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To Kill a King, To Kill a Black Panther.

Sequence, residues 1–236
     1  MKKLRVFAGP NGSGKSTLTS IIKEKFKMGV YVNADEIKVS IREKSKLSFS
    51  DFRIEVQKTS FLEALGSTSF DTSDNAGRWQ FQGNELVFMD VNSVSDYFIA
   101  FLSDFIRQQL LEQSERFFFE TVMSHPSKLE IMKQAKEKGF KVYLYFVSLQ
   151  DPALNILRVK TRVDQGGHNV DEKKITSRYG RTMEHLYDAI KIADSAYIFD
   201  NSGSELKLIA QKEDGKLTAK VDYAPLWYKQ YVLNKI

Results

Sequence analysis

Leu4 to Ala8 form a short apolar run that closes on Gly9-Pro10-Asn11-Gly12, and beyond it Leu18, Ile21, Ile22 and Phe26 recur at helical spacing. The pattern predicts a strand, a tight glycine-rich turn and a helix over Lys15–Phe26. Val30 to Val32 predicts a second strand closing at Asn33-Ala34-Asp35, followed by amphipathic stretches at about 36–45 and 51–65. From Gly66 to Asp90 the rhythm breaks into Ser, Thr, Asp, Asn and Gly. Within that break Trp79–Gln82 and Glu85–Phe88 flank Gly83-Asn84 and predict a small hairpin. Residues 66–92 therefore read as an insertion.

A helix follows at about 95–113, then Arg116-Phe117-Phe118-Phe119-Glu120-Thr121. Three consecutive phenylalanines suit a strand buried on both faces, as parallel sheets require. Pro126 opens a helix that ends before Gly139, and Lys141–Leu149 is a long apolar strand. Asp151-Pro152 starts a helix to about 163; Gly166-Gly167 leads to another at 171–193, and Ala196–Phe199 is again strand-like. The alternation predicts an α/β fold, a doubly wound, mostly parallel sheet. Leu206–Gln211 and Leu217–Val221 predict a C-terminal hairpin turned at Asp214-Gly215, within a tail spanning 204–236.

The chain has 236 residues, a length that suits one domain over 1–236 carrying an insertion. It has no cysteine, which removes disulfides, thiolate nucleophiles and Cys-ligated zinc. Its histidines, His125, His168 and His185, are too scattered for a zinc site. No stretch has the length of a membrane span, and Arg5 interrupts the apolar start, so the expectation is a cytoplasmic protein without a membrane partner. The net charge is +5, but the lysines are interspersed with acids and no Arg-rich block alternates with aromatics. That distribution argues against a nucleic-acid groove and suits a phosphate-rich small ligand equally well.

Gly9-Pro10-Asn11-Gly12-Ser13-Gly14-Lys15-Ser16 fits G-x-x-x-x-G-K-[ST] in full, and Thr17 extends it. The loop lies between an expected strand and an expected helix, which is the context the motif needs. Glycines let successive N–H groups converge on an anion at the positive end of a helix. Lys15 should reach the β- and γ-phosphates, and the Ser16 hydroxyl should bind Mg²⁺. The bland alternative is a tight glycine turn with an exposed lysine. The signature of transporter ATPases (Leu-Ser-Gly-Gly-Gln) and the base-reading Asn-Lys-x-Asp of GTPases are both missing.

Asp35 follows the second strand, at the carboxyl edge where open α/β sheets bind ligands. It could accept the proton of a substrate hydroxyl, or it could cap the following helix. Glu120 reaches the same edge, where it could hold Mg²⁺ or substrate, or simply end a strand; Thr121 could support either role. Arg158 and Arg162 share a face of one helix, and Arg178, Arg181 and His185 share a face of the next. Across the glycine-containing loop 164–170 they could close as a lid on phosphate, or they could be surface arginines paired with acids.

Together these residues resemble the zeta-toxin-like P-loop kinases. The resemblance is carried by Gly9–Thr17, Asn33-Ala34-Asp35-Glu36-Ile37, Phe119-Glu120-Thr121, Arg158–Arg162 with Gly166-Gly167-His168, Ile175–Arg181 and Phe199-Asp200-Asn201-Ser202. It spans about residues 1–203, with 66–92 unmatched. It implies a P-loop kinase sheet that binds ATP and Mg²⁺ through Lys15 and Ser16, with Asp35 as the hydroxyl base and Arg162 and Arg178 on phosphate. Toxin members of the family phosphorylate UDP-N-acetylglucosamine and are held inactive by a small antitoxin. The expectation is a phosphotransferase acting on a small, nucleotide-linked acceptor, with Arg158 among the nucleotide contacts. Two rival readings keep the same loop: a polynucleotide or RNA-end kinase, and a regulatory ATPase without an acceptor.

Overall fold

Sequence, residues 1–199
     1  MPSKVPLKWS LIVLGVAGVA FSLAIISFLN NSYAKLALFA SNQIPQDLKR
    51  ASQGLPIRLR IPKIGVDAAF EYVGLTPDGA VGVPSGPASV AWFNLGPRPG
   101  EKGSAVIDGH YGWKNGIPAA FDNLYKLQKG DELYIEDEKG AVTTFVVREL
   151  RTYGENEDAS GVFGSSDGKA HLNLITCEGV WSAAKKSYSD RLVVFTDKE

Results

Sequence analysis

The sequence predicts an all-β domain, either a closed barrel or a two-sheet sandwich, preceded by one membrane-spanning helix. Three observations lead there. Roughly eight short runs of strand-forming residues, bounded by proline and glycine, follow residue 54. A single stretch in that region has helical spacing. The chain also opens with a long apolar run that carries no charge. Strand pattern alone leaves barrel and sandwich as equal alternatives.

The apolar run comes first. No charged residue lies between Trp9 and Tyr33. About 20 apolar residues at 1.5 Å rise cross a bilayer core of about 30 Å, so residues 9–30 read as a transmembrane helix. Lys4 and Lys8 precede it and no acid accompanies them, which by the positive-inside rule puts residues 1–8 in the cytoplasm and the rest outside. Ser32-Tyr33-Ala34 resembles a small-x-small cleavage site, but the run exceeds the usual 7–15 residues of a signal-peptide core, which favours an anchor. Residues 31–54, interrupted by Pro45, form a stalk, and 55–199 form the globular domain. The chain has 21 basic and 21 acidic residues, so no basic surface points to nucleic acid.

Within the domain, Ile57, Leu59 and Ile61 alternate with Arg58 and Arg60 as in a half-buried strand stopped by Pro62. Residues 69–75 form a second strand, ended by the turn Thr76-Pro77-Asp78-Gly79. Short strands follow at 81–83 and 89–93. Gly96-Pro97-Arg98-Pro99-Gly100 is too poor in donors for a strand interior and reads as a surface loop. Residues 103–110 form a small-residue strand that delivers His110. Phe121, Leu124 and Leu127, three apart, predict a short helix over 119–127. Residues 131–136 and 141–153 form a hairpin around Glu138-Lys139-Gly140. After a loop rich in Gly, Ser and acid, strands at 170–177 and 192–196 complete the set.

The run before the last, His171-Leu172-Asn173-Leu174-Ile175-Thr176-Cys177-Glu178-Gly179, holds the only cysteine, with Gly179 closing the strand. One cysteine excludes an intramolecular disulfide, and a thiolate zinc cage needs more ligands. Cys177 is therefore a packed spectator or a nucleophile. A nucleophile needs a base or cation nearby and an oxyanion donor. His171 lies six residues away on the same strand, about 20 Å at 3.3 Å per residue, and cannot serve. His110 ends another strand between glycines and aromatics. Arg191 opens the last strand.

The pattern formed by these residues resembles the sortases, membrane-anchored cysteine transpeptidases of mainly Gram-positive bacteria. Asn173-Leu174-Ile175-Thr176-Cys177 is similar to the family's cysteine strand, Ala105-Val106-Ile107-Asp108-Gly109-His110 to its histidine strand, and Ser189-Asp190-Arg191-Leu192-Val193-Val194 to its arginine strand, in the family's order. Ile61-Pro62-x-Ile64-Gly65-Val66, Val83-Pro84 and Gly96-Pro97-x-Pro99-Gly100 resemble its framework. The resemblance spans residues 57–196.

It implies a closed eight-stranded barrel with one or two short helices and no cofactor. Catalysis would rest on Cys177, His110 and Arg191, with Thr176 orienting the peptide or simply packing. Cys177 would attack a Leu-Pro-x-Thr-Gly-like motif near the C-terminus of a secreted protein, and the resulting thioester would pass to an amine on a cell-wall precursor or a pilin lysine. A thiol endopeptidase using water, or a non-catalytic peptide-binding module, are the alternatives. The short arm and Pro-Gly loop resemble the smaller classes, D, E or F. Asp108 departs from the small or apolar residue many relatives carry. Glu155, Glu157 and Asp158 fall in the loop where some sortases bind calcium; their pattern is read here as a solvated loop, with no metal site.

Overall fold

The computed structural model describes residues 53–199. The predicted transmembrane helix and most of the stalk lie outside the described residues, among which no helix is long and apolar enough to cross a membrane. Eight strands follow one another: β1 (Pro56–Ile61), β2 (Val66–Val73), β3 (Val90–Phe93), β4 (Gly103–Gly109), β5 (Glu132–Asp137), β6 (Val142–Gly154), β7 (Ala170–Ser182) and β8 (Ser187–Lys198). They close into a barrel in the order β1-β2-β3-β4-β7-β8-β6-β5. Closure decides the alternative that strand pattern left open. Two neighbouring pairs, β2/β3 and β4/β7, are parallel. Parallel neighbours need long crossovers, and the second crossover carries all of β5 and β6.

Posted on the 15 July 2018 by Jamesswezey